(Bloomberg) -- SAP SE showed progress in remaking itself as a supplier of online software, predicting sales and operating profit next year topping its previous forecast as it moves more customers to a new version of its core software suite and adds cloud-computing sales.

Yet the shares dipped as investors foresaw lower than expected profit margin, a byproduct of the shift to online software sales.

The company on Friday raised the top end of its forecast for 2017 sales by 7 percent to as much as 23.5 billion euros ($25.5 billion), crediting increasing adoption of Internet-based software that generates more predictable revenue than software licenses. It also upped the lower end of its operating profit outlook for next year.

SAP, the biggest maker of applications used by companies to manage processes from manufacturing to marketing, is pitching customers on a revamped version of its core management software, called S/4 Hana. Like competitors Oracle Corp. and International Business Machines Corp., it’s also weathering a sometimes rocky transition to software delivered over the Internet rather than installed on customers’ data centers.

Walldorf, Germany-based SAP has said more than 2,700 customers are running the new S/4 Hana suite, more than double the number at the end of the third quarter. That tees up future growth as those customers add functionality and pay recurring support fees.

The Hana database, which sits underneath S/4 applications and competes with market leader Oracle, has generated 4 billion euros in license and maintenance revenue since its release six years ago, Chief Executive Officer Bill McDermott said in an interview. S/4 sales have exceeded 1 billion euros.

"Hana is now a 4-billion euro franchise," he said. "That makes it a market-share gainer. With S/4 Hana, we already have a ’B’ on it. Now the question is how many Bs we’re going to add by 2020."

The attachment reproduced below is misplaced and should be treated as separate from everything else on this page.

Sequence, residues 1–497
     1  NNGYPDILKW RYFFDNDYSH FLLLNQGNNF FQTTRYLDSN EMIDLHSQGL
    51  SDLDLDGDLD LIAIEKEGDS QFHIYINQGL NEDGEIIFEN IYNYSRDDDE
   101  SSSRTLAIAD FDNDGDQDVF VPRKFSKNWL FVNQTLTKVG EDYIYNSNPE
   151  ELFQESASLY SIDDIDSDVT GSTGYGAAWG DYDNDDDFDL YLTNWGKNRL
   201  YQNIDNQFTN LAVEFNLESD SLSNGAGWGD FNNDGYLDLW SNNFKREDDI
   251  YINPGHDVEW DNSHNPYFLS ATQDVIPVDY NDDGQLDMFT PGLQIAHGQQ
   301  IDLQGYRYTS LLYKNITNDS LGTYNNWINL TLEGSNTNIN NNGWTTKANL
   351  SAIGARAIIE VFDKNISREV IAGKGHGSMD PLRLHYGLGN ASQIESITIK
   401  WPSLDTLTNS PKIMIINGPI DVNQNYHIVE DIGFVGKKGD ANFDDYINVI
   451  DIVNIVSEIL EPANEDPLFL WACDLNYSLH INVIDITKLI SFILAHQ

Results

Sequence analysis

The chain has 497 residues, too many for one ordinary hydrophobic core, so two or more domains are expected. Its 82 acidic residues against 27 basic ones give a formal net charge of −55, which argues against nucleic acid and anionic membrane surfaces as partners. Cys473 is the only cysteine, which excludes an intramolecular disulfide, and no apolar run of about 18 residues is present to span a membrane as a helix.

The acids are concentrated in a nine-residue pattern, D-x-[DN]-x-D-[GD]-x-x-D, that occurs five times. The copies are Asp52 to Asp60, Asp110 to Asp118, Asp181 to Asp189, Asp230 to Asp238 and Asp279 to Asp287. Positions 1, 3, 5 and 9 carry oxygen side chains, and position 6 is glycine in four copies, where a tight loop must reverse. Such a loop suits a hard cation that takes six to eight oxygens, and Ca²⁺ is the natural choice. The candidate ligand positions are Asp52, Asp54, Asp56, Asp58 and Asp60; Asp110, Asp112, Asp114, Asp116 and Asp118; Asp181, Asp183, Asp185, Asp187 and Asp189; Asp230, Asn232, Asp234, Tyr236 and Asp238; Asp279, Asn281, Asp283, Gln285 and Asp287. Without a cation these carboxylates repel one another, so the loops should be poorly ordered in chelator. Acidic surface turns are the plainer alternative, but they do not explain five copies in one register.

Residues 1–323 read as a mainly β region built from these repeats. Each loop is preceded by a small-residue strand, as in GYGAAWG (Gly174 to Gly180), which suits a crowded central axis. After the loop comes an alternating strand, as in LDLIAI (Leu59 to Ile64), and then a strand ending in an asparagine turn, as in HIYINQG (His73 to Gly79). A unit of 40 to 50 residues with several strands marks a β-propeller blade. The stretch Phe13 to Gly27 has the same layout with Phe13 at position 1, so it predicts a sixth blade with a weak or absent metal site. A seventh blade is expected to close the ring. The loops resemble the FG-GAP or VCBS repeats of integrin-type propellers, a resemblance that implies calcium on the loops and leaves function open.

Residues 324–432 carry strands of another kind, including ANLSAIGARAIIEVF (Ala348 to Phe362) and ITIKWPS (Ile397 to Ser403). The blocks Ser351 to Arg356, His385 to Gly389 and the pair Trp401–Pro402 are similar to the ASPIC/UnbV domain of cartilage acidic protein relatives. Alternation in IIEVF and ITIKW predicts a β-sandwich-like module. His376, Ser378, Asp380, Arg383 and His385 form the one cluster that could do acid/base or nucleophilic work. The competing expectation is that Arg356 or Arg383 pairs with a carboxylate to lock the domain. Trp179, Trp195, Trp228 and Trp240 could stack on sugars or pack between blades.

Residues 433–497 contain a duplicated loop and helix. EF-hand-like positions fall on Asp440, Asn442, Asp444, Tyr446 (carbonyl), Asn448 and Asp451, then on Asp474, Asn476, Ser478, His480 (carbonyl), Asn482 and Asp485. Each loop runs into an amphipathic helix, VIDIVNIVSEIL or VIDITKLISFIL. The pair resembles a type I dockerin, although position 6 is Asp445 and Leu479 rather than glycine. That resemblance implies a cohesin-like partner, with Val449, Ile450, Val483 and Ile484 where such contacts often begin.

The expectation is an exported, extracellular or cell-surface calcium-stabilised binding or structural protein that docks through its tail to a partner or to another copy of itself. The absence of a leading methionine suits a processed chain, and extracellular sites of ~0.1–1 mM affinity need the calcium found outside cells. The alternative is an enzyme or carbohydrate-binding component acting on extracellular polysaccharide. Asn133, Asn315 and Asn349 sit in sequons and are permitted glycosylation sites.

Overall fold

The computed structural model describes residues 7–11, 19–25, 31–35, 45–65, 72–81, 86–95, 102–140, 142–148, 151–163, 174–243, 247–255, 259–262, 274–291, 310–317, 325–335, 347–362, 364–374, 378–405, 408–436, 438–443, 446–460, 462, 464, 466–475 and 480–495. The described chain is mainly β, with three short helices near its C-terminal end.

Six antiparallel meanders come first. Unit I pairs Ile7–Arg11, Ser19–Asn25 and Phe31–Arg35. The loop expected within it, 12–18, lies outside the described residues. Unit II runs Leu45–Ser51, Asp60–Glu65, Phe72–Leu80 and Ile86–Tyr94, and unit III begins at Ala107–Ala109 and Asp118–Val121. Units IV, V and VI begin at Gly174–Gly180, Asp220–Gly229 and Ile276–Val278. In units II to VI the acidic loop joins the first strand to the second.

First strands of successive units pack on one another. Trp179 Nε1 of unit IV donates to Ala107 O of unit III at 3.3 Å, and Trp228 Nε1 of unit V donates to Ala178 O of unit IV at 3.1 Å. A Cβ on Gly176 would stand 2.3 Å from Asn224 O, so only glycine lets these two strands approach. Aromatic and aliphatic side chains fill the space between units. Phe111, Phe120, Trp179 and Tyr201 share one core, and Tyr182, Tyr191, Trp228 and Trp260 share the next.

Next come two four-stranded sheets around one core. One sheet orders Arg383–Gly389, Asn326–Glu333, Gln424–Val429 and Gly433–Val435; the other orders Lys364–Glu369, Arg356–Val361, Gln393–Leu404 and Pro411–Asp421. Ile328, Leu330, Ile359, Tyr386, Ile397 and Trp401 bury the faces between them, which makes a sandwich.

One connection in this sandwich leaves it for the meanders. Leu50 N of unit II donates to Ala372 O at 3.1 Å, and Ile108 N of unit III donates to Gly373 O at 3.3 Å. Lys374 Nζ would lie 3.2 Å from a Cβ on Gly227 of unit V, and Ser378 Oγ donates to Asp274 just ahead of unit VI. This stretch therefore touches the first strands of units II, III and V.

SAP shares fell 1.8 percent to 70.44 euros at 11:09 a.m. in Frankfurt. Knut Woller, an analyst at at Baader Bank, said he expected operating margin next year of 30 percent to 32 percent, compared with an implied 29 percent to 30 percent range based on today’s guidance.

"A market participant could take that as a negative surprise," said Woller, who recommends buying the shares.

McDermott, speaking from the Davos conference in Switzerland, said he continues to wear dark glasses to conceal the effects of 10 surgeries last year after losing his left eye in a household accident. Even as the scars heal more he’ll continue wearing lighter glasses to protect his remaining eye, he said.

Raising Outlook

SAP’s 3.7 billion euros in deferred cloud-computing revenue “gives shareholders tremendous belief in the progress we have made in the cloud,” McDermott said on a call with reporters. “The predictability of our company has also changed dramatically.”

Sales will increase to 23 billion euros to 23.5 billion euros in 2017, and operating profit adjusted for some items will be 6.7 billion euros to 7 billion euros, SAP said in a statement Friday. That’s higher than a forecast given a year ago for earnings of 6.3 billion euros to 7 billion euros on sales of 21 billion to 22 billion euros.

Revenue in 2015 by comparison was 20.8 billion euros and operating profit was 6.35 billion euros.

SAP also reported full results for last year, after releasing preliminary numbers on Jan. 11. Revenue for the fourth quarter rose 16 percent to 6.35 billion euros and adjusted operating profit rose 7 percent to 2.28 billion euros, both topping analysts’ estimates.

Geographically, the Americas was the company’s strongest growth region. Cloud and software revenue climbed 27 percent, propelled by the U.S. Asia-Pacific cloud and software revenue rose 18 percent, while Europe, the Middle East and Africa saw an 11 percent rise in the same measure.

Margin Pressure

The transition to cloud computing, in which customers pay SAP subscription fees rather than making up-front purchases, yielded a fourth-quarter operating margin of 35.9 percent, lower than the consensus estimate and down 3 percentage points from a year earlier, Nomura analyst Frederick Grieb said in a note to clients this month.

SAP two years ago had been guiding investors to an overall operating margin of 35 percent by 2017, which it walked back last year. On Friday, Chief Financial Officer Luka Mucic said its cloud software business was unlikely to reach that level of profitability by even the decade’s end, and that the measure was less relevant now.

“The margin is really uninteresting to me,” he said. “There’s no reason cloud margin shouldn’t reach the level of on- premises software, but that will take substantially longer than this decade.”

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